A £4 BILLION investment in a new ‘gigafactory’ on the Gravity site will be “game-changing” for Somerset’s economy, the leader of Somerset Council has said.

Agratas announced on February 28 that it would be investing £4bn in a new electric vehicle battery factory on the Gravity site, which lies between the villages of Puriton and Woolavington a short distance from junction 23 of the M5.

The new facility, which will occupy the majority of the former Royal Ordnance site, is expected to create around 4,000 new jobs and could be operational by late-2026.

To ensure the delivery of the new facility remains on schedule, Somerset Council is proposing to borrow up to £150m to invest in infrastructure within and near the site.

At a special meeting of the council’s executive committee held in Taunton on Tuesday morning (March 12), council leader Bill Revans described the Agratas announcement as “game-changing” for the county.

%image('17860489', type="article-full", alt="The proposed layout of the Gravity Smart Campus near Bridgwater.")

He added: “It gives us an opportunity to be right at the heart, where we want to be, of the UK’s clean green energy industry and our drive to net zero.

“It will bring 4,000 highly skilled, well-paid jobs and a huge £4bn investment into our economy.

“It links up really well with what we’re doing with Hinkley Point C and with Leonardo and other companies in that high-value engineering sector, to be able to bring a vibrant and prosperous economy here to Somerset.”

The Gravity locality investment plan (GLIP) intends to spread the risk surrounding the new gigafactory between the public and private sectors, learning lessons from the ongoing construction of the Hinkley Point C nuclear power station and reducing the risk of the project being scrapped in the face of changing economic conditions or environmental obstacles

The plan envisions that the bulk of the funding to deliver the facility will be handled by Agratas and its partner Tata, but the council will provide targeted investment to provide necessary infrastructure and overcome any viability issues surrounding the site.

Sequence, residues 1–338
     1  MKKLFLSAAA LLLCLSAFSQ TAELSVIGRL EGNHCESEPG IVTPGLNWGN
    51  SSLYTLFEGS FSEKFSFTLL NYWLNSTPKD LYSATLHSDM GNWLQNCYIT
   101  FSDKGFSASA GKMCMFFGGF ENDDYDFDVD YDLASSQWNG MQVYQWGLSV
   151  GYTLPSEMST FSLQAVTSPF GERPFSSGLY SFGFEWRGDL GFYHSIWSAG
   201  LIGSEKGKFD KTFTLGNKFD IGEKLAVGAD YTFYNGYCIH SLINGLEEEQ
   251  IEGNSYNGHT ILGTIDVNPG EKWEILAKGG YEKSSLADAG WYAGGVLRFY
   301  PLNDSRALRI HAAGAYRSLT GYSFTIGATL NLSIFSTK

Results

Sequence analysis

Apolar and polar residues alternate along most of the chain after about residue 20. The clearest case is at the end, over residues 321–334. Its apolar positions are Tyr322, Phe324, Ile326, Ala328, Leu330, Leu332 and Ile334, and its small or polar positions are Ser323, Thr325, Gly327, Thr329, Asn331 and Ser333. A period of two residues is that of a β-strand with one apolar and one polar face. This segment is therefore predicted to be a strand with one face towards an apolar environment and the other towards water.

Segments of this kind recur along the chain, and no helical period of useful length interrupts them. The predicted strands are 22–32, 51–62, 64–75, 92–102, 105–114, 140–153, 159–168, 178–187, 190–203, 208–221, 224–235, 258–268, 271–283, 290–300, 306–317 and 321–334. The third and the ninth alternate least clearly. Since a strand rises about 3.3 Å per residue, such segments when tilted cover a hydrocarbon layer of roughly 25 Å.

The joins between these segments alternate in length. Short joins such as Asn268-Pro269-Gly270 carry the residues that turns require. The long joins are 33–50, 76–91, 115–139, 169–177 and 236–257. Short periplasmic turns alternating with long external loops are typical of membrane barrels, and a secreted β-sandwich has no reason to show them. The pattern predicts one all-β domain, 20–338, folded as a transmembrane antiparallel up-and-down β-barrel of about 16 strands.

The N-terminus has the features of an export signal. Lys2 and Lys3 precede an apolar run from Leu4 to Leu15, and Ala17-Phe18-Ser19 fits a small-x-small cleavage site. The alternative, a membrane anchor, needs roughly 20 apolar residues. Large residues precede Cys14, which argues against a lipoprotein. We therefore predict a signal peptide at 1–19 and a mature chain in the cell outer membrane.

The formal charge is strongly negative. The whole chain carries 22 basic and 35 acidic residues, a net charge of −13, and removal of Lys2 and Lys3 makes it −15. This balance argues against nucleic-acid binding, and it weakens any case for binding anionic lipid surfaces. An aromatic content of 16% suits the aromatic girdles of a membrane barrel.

The investment could be targeted broadly in the following areas:

  • Strategic access and road infrastructure (which may include restoring the rail link into the site)
  • Abnormal site preparation costs (such as removing contaminated land)
  • Training facilities and programmes (e.g. working with Bridgwater and Taunton College to recruit employees)
  • Supply chain and local infrastructure improvements
  • Transport mitigation (including public transport and active travel)

To deliver all of this, the council will need to borrow around £150m – money which will eventually have to be repaid out of its revenue budget.

To reduce short-term pressure, in light of the council’s precarious financial situation, the Department for Business and Trade (DBT) will provide up to £55m in grant funding over the first few years.

The council will repay the borrowing by retaining all the business rates it will collect from the Gravity site, rather than having to give a portion of this to central government.

%image('17860499', type="article-full", alt="The smart campus will be located between Puriton and Woolavington.")

Currently, it will be able to do this until 2042, when the Gravity site’s designation as an enterprise zone expires.

However, the Department for Levelling Up, Housing and Communities (DLUHC) has hinted this may be extended to 2052, giving the council more time to repay all the borrowing.

Councillor Heather Shearer, portfolio holder for children, families and education, said the Gravity site could be as transformative for Somerset as the Nissan car factory was for the north east, where she grew up.

She said: “I’ve been reflecting on this opportunity, because I come from an old pit village up in the north-east – Washington, in Tyne and Wear.

“You’ll know of it invisibly because it’s the home of Nissan’s ‘Sunderland plant’ – we get very bristly about that.

“I’ve not lived in the north east for an awfully long time, but when I’ve gone back I’ve noticed it has change the way people talk and the way people live up there, which is really good.

“It was once a place where you might be lucky to get a job in the DHSS [Department of Health and Social Security] when it used to be there, or the call centres when they came in.

“But now there’s young people at school excited about apprenticeships, not just as Nissan but in the ‘vertical supply chain’ that’s grown up. Now there’s four or five factories next to it.

“I’m optimistic that this could do the same kind of thing.”

Councillor Theo Butt Philip, portfolio holder for transformation and human resources, said the announcement filled up with hope for future generations across the county.

Mr Butt Philip – who stood in the Bridgwater and West Somerset constituency at the 2010 general election – said: “We don’t have a lot of the employment that enables young people who grew up in our county to stay here.

“I’ve got three young children, and I can see a future for them in Somerset if they want it, and I just couldn’t be happier to see this investment in Somerset.”

An updated capital budget, which includes the additional borrowing to deliver the required infrastructure, is expected to come before the executive later in the year, before going before the full council for final approval.